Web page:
Did you know that, in the winter months, 1 in 4 Aussies reported that they experience increased irritability and that 1 in 3 Aussies feel an overall dip in their mood?
Brooke Benson Campbell (BHSc) is a Clinical Nutritionist and Naturopath, speaker, writer and presenter with a passion for all things health, beauty and wellbeing. A self-proclaimed human test subject, she is constantly trialling the newest products, seeking the latest discoveries and reading the current clinical studies, in order to share her findings with the public through private practice, social media and industry education. Her mission: to inspire others to use the tools of nutrition and self-care to cleanse, energise and glow from within.
Question: How would you describe Winter blues?
Brooke Benson Campbell: The Winter Blues are incredibly common and leave many of us feeling a little gloomy, fatigued and in need of hibernation, but it doesn't alter our daily life too much. They can have us yearning for sunshine and long days, and craving the warmth of summer weather, when we have huge amounts of natural energy and enthusiasm.
Question: How does Winter blues differ from Seasonal Affective Disorder (SAD)?
Brooke Benson Campbell: Seasonal Affective Disorder (S.A.D) - unlike the Winter Blues - is a clinically diagnosed type of recurring major depression with a seasonal pattern that begins during Autumn and ends with the warmth of Spring.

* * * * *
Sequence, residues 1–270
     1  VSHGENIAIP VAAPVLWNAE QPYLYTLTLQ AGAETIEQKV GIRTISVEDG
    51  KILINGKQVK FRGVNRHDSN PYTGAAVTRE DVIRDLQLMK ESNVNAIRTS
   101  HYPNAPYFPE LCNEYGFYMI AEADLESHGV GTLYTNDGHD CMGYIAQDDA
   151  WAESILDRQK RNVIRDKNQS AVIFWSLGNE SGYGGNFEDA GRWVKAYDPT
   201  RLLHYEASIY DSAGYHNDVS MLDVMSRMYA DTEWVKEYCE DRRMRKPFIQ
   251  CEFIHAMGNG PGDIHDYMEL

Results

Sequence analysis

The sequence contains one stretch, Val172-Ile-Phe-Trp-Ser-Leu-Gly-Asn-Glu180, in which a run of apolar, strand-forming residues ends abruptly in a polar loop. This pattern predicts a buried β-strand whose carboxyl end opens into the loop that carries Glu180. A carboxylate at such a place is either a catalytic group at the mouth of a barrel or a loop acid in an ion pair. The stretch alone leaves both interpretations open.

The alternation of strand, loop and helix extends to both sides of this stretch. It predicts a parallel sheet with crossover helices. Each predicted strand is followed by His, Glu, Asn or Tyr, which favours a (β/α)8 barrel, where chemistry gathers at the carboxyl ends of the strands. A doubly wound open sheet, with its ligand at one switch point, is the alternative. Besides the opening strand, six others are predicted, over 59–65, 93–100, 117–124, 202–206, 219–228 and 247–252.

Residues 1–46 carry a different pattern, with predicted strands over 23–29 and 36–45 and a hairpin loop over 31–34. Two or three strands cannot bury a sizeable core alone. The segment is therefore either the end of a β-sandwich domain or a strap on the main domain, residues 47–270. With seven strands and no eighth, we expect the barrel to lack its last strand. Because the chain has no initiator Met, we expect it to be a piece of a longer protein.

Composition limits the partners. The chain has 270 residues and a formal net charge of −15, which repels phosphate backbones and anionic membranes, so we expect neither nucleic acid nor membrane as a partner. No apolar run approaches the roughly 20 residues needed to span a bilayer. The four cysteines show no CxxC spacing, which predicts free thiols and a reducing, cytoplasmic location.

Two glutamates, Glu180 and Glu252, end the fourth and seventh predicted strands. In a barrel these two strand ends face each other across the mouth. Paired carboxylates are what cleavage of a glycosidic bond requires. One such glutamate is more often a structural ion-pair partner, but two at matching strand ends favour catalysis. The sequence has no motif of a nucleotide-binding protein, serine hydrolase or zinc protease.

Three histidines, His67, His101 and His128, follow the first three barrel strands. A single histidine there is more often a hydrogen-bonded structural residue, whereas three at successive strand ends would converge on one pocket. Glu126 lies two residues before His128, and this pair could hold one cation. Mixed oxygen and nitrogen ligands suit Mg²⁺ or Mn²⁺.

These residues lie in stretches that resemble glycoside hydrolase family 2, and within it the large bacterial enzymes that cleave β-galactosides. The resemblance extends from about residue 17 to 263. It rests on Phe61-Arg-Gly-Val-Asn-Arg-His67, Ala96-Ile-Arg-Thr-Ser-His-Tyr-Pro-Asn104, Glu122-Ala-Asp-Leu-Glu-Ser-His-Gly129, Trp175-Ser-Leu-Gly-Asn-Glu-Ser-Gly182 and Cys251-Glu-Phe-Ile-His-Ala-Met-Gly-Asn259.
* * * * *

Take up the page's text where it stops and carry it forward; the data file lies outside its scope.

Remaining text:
There are a few factors that contribute to S.A.D. Those that suffer from the disorder have difficulty regulating the neurotransmitter serotonin, a chemical compound that is believed to be responsible for balancing mood. This difficulty in regulation is caused by a protein that assists with serotonin transport, called SERT. Higher SERT levels lead to lower serotonin activity. In the summer, SERT levels are kept low due to the summer sunlight, however, in winter, those with S.A.D have higher SERT levels, causing a dip in serotonin levels, which contributes to lower mood.
People with S.A.D may also have difficulty with overproduction of melatonin, the hormone that regulates our sleep. The combination of low serotonin and increased melatonin production causes changes to the body's internal clock, the 'circadian rhythm'. These chemical changes cause mood changes, lack of motivation and depressive symptomology.
Question: How can we fight these Winter blues, easily?
Brooke Benson Campbell: To fight the Winter Blues, try the following:
Make your environment brighter: Act like a lizard and search for the sun. Just 30 minutes per day is proven to fight the Winter Blues, so open blinds and curtains, trim back tree branches, and sit close to windows to absorb as much light as possible. Boost your vitamin D with a lunchtime walk in the sunshine and if the forecast is sunshine, rug up, and read or reply to emails in whatever small spot of momentary warmth you can find.
Exercise: A 2005 study from Harvard University found that exercising for 30 minutes a day, 5 times a week (or 60 minutes a day 3 times a week) improved symptoms of mild to moderate depression. So get moving to beat the blues!
Partake in self-care: Look after yourself. Soak in a warm bubble-bath, curl up with a good book, or treat yourself to a massage in the comfort of your own home with Blys.